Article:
Pregnancy Diet Plan: First Trimester
To prepare your body for pregnancy and in the first trimester, folate is essential! “When the baby is developing early during pregnancy, folic acid helps form the neural tube. Folic acid is very important because it can help prevent some major birth defects of the baby’s brain (anencephaly) and spine (spina bifida),” says the CDC.
Legumes, asparagus, eggs, leafy green veggies, nuts and seeds, and fortified whole grains are all good sources of folate.
A first-trimester pregnancy meal plan needs to include protein. “Eating enough protein during pregnancy also supports your baby’s development, since amino acids are required for normal cell growth and function. Meeting your daily protein needs may also lower the risk of complications like fetal growth restriction and preterm labor,” explains What To Expect. Through many protein sources (chicken, beef, pork), you also get iron, which is essential to help your body produce the extra blood you and your baby need.
Pregnancy Diet Plan: Second Trimester
All of your baby’s organs have developed, so now they’re going to continue to grow the rest of their body. They start developing their reflexes, and the brain will go through its most important period of growth from the fifth month of pregnancy.
For these developments, protein needs to continue to feature prominently in your diet. “In the later stages of pregnancy, women should aim to eat 1.52 grams (g) per kilogram (kg) of body weight each day to help the baby’s brain and other tissue grow,” says Medical News Today.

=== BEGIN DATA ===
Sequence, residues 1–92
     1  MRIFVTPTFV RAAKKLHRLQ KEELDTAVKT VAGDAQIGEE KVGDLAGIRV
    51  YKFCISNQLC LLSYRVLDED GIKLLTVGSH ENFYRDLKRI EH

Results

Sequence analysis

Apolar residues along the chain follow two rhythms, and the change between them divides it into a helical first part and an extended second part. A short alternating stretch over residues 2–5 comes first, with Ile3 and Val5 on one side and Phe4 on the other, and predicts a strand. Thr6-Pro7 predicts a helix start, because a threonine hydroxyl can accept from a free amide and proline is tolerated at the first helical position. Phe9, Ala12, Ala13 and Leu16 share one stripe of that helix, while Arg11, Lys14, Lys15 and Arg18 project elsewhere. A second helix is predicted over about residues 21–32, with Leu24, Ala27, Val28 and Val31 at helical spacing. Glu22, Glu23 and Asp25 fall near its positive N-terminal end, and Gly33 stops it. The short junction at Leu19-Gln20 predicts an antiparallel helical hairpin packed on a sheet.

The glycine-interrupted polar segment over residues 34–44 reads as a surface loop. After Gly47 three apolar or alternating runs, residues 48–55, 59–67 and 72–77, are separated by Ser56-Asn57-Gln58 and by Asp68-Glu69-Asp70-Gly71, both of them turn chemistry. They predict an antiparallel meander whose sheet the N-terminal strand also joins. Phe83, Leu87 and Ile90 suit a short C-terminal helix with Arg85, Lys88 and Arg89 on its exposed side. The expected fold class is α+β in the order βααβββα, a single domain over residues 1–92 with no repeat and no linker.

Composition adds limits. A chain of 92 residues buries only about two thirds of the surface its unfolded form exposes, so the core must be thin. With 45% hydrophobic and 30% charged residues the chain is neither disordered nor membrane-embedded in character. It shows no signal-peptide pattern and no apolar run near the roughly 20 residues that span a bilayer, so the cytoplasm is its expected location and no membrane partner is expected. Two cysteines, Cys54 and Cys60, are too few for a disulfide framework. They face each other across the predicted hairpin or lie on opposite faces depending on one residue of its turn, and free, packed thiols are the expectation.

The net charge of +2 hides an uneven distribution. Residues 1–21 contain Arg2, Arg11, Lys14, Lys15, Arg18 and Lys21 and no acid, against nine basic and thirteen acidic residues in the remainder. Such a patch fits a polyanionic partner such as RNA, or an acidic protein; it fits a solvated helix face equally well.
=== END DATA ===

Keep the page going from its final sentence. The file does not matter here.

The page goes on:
Calcium also plays a huge role in the development of your baby’s bones and assists in making sure their nerves and circulatory system are running smoothly (dairy products are also a great source of vitamin D). Calcium-rich foods include milk, eggs, tofu, kale, Greek yogurt, and sardines.
Another fantastic reason to include sardines in your pregnancy diet is omega-3. “…omega-3 fatty acids is vitally important during pregnancy as they are critical building blocks of fetal brain and retina,” tells the National Institutes of Health.
Pregnancy Diet Plan: Third Trimester
WedMD highlights the importance of vitamin A (found in foods like fish, dairy, cantaloupe, carrots, spinach, and sweet potatoes) in the third trimester, “Vitamin A helps your baby’s bones grow. It also supports their skin and vision. Your baby’s eyes open and start to detect light in the third trimester.”
It’s also essential to include sources of vitamins B6 and B12 in your third-trimester diet. This is to help build red blood cells and keep the nervous system strong. You can find these vitamins in fish, beef, and organ meats to name a few.
Get a checklist for your last month of pregnancy here.
During every stage of pregnancy, it’s vital to include fruits and vegetables in your diet. They’re fantastic sources of vitamins and minerals, as well as fiber, which will all support a healthy pregnancy.
One of the best things you can do for yourself and your baby is pregnancy meal prep! By planning ahead, you can ensure you’re getting the nutrients both of you need. Pregnancy superfoods that are healthy during every trimester include salmon and other low-mercury fish, dark leafy greens, seeds and nuts, whole grains, beans, meat, dairy, and vitamin C-rich fruits like kiwis, strawberries, tomatoes, and capsicum.
Another way to plan ahead is by taking our free mini course, Prepare For Baby. Take this course prior to giving birth to get real, practical solutions to help you rest, learn how to advocate for yourself the moment your baby is born, and establish healthy sleep habits from day one.